How are you staying focused, scaling and saying “no” to the things you shouldn’t be doing?

The Goal Is Antifragile

Some of you may remember the book, “The Black Swan,” that I have written quite a few blogs on in the past. The reason I have shared from Nassim Taleb often is his philosophical thinking about the world and investing is so insightful and unique that it makes for serious contemplation about the world in which we live.antifragile_the_book

Well, Taleb has done it again. He has written a new book that is just starting to sink in and open my eyes to the implications of his thinking. The book is “Antifragile: Things That Gain from Disorder.” Here Taleb presents to us that things will get more stable and stronger when they have ongoing shock and turmoil, compared to things that are breakable or fragile. That the antifragility of some comes at the expense of the fragility of others.

This happens in the biological world where some parts of the inside, like within a cell, may need to be fragile for the large structure to be antifragile. Taleb uses the example of restaurants in the book, saying that each one is fragile in that they come and go – they compete and go out of business regularly. The local restaurant collective is antifragile with its system providing quality, whereas central control, Soviet-style cafeteria food would be the alternative.

Fragile type systems depend on everything be exact and a planned course. If you have deviations, they are more harmful, so this needs to be more predictive in its approach. The opposite holds true for antifragile, where you don’t worry about deviations and the possible different outcomes that may occur as you move forward.

When you see the world through this lens, it helps put perspective on what works and doesn’t work. This would mean not bailing out on the things that don’t work, and not relying on permanent administrations and forecasting departments that think they can predict the future.

How do you help yourself to become more antifragile? You learn to love mistakes. When you make them a lot, but at a level that is small and reversible instead of large and destructive, you put yourself in a situation to evolve and stay alive. What you may consider is the random aspect of trial and error, is not so random if it is carried out in a rational approach, because the error is used as information.

For the entrepreneur out there, Taleb’s work has a lot of implications for your strategy and thinking in how you approach your competitors, market place and the world in which you live. I will get into that more in future blogs.

As I’m sure you have noticed, we have changed the blog over to a new format, so it will look a little different to you. Thanks for reading.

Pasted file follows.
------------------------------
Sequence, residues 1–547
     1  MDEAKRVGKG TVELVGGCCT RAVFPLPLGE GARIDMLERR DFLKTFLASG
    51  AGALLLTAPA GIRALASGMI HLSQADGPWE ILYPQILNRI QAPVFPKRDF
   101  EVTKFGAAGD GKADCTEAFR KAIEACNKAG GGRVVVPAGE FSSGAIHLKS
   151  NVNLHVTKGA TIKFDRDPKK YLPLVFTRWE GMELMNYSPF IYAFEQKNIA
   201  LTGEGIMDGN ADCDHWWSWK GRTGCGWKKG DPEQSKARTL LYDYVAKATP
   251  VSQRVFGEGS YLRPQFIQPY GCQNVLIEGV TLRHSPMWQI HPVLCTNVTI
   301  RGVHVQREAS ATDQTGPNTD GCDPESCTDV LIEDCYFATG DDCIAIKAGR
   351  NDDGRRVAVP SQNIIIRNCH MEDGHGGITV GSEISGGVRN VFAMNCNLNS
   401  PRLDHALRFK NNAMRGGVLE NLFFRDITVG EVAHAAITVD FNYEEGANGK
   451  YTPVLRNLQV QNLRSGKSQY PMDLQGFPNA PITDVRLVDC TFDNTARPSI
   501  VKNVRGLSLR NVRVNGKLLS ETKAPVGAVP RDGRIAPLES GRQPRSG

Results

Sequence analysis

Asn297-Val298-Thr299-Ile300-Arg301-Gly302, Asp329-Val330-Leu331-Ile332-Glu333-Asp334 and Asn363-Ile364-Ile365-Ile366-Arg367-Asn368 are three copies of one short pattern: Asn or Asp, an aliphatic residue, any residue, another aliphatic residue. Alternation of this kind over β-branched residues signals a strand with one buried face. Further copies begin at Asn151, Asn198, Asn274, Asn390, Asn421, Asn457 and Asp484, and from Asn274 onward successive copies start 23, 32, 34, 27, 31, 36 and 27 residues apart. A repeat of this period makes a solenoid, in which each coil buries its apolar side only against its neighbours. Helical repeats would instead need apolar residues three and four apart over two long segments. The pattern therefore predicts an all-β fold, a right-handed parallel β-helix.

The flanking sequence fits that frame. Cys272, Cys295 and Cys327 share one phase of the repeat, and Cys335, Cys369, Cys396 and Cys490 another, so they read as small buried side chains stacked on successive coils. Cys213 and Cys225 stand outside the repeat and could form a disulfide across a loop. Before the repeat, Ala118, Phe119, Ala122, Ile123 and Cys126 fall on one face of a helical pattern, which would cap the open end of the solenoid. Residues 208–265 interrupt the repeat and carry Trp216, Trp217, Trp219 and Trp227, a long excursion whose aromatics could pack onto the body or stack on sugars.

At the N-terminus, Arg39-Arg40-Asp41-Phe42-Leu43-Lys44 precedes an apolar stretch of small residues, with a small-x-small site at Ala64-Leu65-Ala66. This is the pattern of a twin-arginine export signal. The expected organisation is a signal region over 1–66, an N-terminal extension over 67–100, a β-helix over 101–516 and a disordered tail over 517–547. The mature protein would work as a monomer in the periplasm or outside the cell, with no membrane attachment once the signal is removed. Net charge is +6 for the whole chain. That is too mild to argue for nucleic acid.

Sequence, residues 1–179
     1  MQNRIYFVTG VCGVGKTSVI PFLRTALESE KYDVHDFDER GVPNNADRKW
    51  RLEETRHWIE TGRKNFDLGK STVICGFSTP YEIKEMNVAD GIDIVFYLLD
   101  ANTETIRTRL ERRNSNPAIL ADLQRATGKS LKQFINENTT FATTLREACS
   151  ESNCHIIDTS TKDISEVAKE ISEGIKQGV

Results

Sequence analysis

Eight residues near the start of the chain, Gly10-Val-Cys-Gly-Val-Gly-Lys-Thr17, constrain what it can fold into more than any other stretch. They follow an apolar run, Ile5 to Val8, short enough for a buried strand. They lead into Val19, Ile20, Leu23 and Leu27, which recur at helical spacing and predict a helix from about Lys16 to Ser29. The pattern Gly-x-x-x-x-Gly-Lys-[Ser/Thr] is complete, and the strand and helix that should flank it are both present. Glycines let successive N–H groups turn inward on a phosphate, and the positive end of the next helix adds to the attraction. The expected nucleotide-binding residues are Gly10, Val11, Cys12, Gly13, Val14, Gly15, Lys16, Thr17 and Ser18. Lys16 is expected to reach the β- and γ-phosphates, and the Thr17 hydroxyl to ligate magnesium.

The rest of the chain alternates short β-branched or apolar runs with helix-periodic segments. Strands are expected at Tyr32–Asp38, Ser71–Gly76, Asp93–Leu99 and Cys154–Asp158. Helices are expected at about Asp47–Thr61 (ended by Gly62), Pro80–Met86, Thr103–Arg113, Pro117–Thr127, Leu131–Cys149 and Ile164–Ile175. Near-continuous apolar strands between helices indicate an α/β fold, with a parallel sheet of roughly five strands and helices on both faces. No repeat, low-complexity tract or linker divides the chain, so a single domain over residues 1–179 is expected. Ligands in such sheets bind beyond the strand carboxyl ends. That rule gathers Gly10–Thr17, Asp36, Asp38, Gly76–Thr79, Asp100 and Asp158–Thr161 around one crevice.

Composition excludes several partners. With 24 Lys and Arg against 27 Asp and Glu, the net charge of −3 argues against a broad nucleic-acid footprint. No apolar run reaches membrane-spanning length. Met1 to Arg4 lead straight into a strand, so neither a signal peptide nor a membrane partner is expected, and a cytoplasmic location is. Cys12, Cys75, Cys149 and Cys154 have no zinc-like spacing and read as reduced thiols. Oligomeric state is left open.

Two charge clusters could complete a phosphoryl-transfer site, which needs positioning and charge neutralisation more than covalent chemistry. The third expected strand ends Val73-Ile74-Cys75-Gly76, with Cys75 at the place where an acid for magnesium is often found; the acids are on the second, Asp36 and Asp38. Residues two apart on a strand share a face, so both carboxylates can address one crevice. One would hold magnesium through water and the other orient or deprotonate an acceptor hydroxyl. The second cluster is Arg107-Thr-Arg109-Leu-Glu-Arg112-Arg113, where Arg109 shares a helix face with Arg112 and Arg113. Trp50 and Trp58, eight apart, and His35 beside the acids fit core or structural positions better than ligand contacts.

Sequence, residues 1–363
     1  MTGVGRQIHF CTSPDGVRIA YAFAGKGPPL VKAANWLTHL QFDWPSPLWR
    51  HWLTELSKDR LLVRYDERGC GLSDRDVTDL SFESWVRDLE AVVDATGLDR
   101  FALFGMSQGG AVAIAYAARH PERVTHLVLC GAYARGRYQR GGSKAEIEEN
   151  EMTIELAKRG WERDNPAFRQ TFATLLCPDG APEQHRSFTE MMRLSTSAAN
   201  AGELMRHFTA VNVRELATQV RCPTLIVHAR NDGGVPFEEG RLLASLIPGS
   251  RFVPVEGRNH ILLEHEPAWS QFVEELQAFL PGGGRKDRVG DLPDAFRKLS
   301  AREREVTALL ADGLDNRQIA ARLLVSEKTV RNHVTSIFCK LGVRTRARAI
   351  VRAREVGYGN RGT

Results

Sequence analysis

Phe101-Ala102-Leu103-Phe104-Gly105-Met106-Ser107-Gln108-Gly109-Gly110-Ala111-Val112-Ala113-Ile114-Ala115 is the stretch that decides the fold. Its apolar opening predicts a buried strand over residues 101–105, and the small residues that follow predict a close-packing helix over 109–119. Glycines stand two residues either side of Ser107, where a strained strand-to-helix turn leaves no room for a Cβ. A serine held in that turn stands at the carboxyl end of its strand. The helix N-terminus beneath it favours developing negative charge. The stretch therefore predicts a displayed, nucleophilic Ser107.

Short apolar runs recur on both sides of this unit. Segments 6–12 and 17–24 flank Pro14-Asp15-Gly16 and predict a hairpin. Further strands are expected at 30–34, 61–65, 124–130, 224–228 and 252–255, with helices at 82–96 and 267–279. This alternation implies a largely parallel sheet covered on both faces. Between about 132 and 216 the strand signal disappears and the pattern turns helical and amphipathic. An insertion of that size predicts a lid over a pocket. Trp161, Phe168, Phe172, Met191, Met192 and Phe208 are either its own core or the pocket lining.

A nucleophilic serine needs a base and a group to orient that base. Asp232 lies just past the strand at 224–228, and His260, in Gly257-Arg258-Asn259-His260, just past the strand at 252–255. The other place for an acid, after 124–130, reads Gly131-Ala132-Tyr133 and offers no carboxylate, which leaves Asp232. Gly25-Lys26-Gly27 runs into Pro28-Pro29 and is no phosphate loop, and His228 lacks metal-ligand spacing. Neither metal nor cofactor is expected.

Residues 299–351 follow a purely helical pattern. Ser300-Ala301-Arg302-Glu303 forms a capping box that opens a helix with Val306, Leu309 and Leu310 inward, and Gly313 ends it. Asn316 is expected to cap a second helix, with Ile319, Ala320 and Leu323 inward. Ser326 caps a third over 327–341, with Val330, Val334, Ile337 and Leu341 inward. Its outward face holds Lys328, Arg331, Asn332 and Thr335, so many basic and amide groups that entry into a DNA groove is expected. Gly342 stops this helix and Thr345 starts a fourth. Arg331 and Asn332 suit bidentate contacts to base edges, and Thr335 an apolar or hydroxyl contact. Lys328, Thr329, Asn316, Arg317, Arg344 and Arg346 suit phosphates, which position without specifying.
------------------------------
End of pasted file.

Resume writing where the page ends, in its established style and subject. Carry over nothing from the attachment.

Compensating with Scalability

A few weeks back, I wrote about my mistakes in not having a focus on a specific niche or vertical and mentioned a bit about what we are doing to push forward with a vertical in the health care space, focusing on mobile apps. We have made some changes and are pushing forward to create a market in the app world that is more scalable than what we were doing before.

Scalability allows you to take something you have already built and duplicate it over and over. It is a key ingredientphoto in business. With the framework we have built, we can add a custom cover to create a product more quickly and with less cost than if we rebuilt one each time from scratch. This is a powerful aspect you get from software.

The healthcare vertical is still being explored, and we are gathering information to discover what we want to do to be a clipper ship and follow the money in that space. We will talk to different companies and ask questions to find their hot spots. With the mobile app platform, we will approach marketing firms about providing this platform for them, allowing them to reduce cost and speed up the process, which will in turn benefit their clients.

This will introduce another level of salability. We can develop relationships with one business at a time, build a mobile app for them, and move on to the next one. With the marketing companies, we can build one relationship with a marketing firm, and they could send us one, two, five, or ten apps to build. Creating value for others pays off with more business and, with the right execution, profits.

How scalable is your business and what are the possibilities of making it scalable to increase your opportunities?


Can a Meeting be a Game Changer?

meetings-suckWhy is it that so many of us don’t like meetings? I personally like the feeling of getting a bunch of innovative people together generating better and smarter ideas than any one of us could come up with on our own. Most people have a hard time seeing a meeting as a game changer. Would you think a meeting could speed up change or push you ahead of the competition to become the global leader in the industry?

Well that is exactly what happened with Wal-Mart. Their Saturday morning meetings created a lead time in the industry and catapulted Wal-Mart up to one of the highest grossing companies in the world. You might say, “Excuse me, a meeting did that?” Well, in Verne Harnish’s book “The Greatest Business Decisions of All Time,” Hank Gilman makes that case.